Runaway Formula One series leader Lewis Hamilton emerged from a “horrible” red-flagged qualifying session at Sochi on Saturday with a stunning pole position for Sunday’s Russian Grand Prix.
In a crash-hit session the Mercedes six-time champion held his nerve to clock a best lap in one minute and 31.304 seconds to outpace Max Verstappen of Red Bull by half a second.
His Mercedes team-mate Valtteri Bottas, 55 points behind Hamilton in the title race, was third-quickest with Sergio Perez of Racing Point sharing the second row.
Hamilton is bidding to claim his fifth win at the Sochi track where Mercedes have dominated winning all six races since 2014.
If he translate pole into victory, he will equal Michael Schumacher’s career record of 91 Grand Prix wins.
The action was interrupted for 10 minutes in Q2 when four-time champion Sebastian Vettel crashed his Ferrari – he was unhurt and climbed from his wrecked car – leaving Hamilton, only 15th fastest, racing against the clock to reach Q3.
In close liaison with his team, he squeezed through with only seconds remaining before going on to take pole with a flawless fastest lap.
On a topsy-turvy day, Hamilton was called to the stewards, along with three other drivers, after the session for missing bollards at Turn Two during Q2.
“It was one of the worst qualifying sessions,” said Hamilton.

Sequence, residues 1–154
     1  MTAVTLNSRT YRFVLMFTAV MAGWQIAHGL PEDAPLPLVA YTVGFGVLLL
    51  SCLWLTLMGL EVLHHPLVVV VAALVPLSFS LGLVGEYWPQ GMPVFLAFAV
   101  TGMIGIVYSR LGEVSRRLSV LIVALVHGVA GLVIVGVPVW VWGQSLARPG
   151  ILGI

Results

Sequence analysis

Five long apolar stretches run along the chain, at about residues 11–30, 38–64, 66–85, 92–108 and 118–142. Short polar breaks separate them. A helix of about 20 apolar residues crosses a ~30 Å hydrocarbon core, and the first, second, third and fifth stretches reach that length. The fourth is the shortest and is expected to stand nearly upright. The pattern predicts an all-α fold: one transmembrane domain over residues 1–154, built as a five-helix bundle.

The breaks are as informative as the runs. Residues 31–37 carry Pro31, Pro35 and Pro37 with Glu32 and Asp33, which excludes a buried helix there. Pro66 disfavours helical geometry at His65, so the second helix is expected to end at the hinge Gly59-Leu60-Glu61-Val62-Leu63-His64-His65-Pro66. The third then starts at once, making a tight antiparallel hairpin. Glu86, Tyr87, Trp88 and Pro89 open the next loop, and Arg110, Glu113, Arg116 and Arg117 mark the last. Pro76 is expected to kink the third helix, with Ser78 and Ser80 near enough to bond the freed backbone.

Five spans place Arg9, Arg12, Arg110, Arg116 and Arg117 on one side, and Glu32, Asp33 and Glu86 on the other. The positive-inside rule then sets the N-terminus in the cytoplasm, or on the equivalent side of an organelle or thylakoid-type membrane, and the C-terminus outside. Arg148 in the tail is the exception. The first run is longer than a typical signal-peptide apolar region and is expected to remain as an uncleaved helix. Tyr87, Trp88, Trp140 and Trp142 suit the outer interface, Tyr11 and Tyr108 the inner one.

– ‘Heart in my mouth’ –
“It was horrible, heart in my mouth the whole way. I lost my first (Q2) lap by going wide for the first time this weekend and I wanted to stay out for another lap.
“They said I had new tyres, but then there was the red flag. It was a risk and ultimately I am starting on the soft tyre which is not good.
“I will probably get out-dragged as this is one of the worst places to start from pole and the two drivers I am racing are on the other tyre.”
Verstappen is counting on a quick start.
“On the final run, it wasn’t too bad – to be second, I didn’t expect it. If we have a decent start, the tow effect is very big so who knows what can happen at Turn Two!”
Bottas said: “I just couldn’t go any quicker in the end, but P3 is a good place to start here and I think I am on the right tyre.”
Renault’s Daniel Ricciardo was fifth, Carlos Sainz sixth for McLaren, ahead of Esteban Ocon in the second Renault, Lando Norris in the second McLaren, Pierre Gasly of Alpha Tauri and Alex Albon in the second Red Bull.
The second runs had brought immediate drama when Kimi Raikkonen spun at the troublesome Turn Two, wrecking his hopes of a good position for his record-equalling 322nd start.
Hamilton swiftly put in a 1:32.085, but it was deleted for exceeding the limits at Turn 18, forcing him to do it all again.
Vettel’s smash thankfully looked far worse than it turned out, with the German even picking up a stray wing of his Ferrari and helpfully handing it back to the officials attending his stricken car.
For Ferrari it might have been worse, but Leclerc – on a fast lap behind his team-mate – managed to slow and veer between Vettel and his debris.
After the delay, Hamilton faced a race against the clock to deliver a timed lap, on cold softs, and did so within 1.25 seconds to go fourth.
His lap pushed Leclerc down to 11th and out of the ‘top ten shootout’ along with Kvyat, Lance Stroll of Racing Point, Russell and Vettel.
Ricciardo led the way into Q3, but it was the Mercedes men who roared back to life, ahead of the final dramas.
Sunday’s race is due to be watched by the biggest sporting crowd in the Covid-19 era with 30,000 fans allowed to attend.
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